Pompeii

Pompeii

Pompeii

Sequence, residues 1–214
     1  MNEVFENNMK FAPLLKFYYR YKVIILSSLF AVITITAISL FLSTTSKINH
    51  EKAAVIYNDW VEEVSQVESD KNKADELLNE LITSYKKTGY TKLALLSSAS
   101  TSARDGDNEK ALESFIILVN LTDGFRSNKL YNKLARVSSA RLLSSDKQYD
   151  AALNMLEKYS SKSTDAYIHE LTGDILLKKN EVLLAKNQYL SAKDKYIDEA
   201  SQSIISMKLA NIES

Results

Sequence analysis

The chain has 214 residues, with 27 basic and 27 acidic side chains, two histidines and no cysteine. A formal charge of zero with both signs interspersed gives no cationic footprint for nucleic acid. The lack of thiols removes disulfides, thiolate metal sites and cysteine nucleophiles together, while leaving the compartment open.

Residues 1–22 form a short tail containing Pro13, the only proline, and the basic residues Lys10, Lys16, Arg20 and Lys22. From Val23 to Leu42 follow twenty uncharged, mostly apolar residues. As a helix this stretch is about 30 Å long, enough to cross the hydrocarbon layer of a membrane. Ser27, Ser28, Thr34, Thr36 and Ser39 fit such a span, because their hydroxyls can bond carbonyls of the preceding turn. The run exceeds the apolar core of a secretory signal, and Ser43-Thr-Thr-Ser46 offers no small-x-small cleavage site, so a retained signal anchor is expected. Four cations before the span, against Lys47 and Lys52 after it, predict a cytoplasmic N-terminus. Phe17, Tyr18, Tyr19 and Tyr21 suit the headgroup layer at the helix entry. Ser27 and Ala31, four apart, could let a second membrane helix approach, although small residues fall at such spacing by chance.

Pompeii is possibly the best-documented catastrophe in Antiquity. Because of it, we know now how the Pompeians lived because they left behind an extensive legacy of art, including monuments, sculptures and paintings. Pompeii lay on a plateau of ancient lava near the Bay of Naples in western Italy in a region called Campania, less than 1.6 kilometers from the foot of Mount Vesuvius. With the coast to the west and the Apennine Mountains to the East, Campania is a fertile plain, traversed by two major rivers and rich soil. However, in the early days, it was not a remarkable city. Scholars have not been able to identify Pompeii?s original inhabitants. The first people to settle in this region were probably prehistoric hunters and fishers. By at least the eight century B.C., a group of Italic people known as the Oscans occupied the region; they most likely established Pompeii, although the exact date of its origin is unknown. ?The root of the word Pompeii would appear to be the Oscan word for the number five, pompe, which suggests that either the community consisted of five hamlets or, perhaps, was settled by a family group (gens Pompeia)?(Kraus 7). In the course of

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